Bus run fight puts pressure on family
ONE Warwick mum says she is at breaking point over something that for most parents is routine - the morning school run.
The unlicensed mother of six school-aged children resides 15km from town, in an area that does not have access to a school bus services.
Miss Lee said her options for getting her children to school at this point were to have her older children in town alone at 5.30am, waiting for school to open, or to pay hundreds of dollars a week for a minibus.
The Wildash woman said she has never held a licence due to medical reasons and relies on anyone who can help her and her family.
"I want my kids to go to school,” she said.
"I want them to learn and have a shot at a future.
"If they don't go to school, I can get in trouble, face fines and lose benefits, and I don't want that.”
Her three high-school aged children get a lift to town with their father and Debra's partner, Wayne, four days a week.
"He starts at 6am so the kids get dropped off near the saleyards just before 6am and walk into town from there,” Miss Lee said.
"Then they have to wait around until school opens.
"I hate that they have to do that, it's not safe.”
The three younger children attend Glennie Heights and Miss Lee said at the moment a cousin drives out from Warwick every morning and afternoon to take them to school.
"He wants $50 for that, and we can't rely on him forever either,” she said.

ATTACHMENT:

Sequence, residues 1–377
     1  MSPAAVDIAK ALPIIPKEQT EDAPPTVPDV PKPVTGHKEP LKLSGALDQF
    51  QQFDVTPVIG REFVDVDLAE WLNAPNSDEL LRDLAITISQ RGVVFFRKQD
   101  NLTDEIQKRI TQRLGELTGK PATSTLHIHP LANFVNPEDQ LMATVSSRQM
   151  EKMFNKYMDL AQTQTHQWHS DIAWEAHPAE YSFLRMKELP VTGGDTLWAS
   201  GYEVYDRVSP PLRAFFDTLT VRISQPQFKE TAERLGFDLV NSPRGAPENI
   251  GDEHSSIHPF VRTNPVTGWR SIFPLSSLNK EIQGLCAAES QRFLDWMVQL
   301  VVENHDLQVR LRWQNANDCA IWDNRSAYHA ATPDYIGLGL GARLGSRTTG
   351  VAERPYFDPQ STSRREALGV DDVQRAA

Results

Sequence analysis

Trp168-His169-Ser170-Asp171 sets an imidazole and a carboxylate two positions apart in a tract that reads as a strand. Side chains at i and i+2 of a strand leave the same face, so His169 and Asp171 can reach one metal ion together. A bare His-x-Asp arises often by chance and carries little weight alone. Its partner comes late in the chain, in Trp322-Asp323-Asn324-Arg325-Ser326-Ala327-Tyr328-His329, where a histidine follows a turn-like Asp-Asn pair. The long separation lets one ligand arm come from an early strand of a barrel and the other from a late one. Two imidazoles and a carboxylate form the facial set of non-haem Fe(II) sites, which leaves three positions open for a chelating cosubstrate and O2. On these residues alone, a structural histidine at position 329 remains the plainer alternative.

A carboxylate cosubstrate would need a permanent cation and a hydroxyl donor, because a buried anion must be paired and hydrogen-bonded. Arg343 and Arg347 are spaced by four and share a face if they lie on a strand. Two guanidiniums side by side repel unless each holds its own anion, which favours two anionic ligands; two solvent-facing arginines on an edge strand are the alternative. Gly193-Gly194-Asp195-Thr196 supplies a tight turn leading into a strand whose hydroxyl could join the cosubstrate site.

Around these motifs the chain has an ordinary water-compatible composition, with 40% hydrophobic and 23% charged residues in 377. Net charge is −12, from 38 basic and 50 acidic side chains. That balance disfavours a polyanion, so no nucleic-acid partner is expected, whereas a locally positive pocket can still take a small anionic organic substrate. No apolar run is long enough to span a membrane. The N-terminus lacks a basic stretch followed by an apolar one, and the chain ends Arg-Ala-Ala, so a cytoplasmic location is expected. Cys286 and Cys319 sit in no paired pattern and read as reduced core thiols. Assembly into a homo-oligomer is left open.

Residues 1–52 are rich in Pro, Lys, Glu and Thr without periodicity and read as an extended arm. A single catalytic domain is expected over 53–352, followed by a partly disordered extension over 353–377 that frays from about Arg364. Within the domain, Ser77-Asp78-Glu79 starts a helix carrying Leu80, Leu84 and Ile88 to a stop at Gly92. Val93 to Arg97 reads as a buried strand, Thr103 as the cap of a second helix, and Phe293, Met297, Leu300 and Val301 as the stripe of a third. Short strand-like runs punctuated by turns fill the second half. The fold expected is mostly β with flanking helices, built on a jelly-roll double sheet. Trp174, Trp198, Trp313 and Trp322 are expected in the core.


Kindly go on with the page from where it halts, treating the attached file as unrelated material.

"I don't have any other options.”
Miss Lee said she had called every bus company in town for help. "I've even looked into taxis,” she said.
"It'll cost me $54 a day to send them to school in a taxi and I can't afford that. "Haidley's offered a minibus, but at our cost of $250 a week.”
Miss Lee said the situation had taken a toll. "I'm badly depressed,” she said. "I'm at the end of my tether and I really don't know what to do.
"We moved out here to get out of town....I don't want to live here any more.”
Miss Lee said although the location was not ideal, she had to move to the Darryl Evans managed property because no one else would give her a chance.
The Lee family lives near Old Stanthorpe Rd, south of Warwick, which once had access to a bus run.
Haidley's Panoramic Coaches and Motors manager Cameron Haidley said the service in question had been cut back.
"We used to run from Warwick to Cherrabah and back, twice a day,” he said.
"The service began in the early 1990s but as the kids dropped off over the years, the service kept coming back closer to Warwick. Now the run only goes to the Warwick Industrial Estate.”
Mr Haidley said there weren't enough children on the run to warrant a bus.
"We would certainly look at it again if there were 10-12 children needing transport to school,” he said.
"Without the numbers, it's simply not viable - it would cost us far more than we'd be paid.”
Miss Lee contacted Member for Southern Downs Lawrence Springborg in desperation.
Mr Springborg said he had contacted the then Minister for Transport and Commonwealth Games Stirling Hinchliffe on her behalf last month.
"He was planning an overall review of the way bus runs were regulated as some of the rules governing them are quite antiquated,” Mr Springborg said. "There's been a change of minister in the last two weeks, but I do hope they look at the case and I hope there's a positive outcome for Miss Lee and her family.”
The Department of Education and Training and Translink were both unable to provide comment before the story went to print.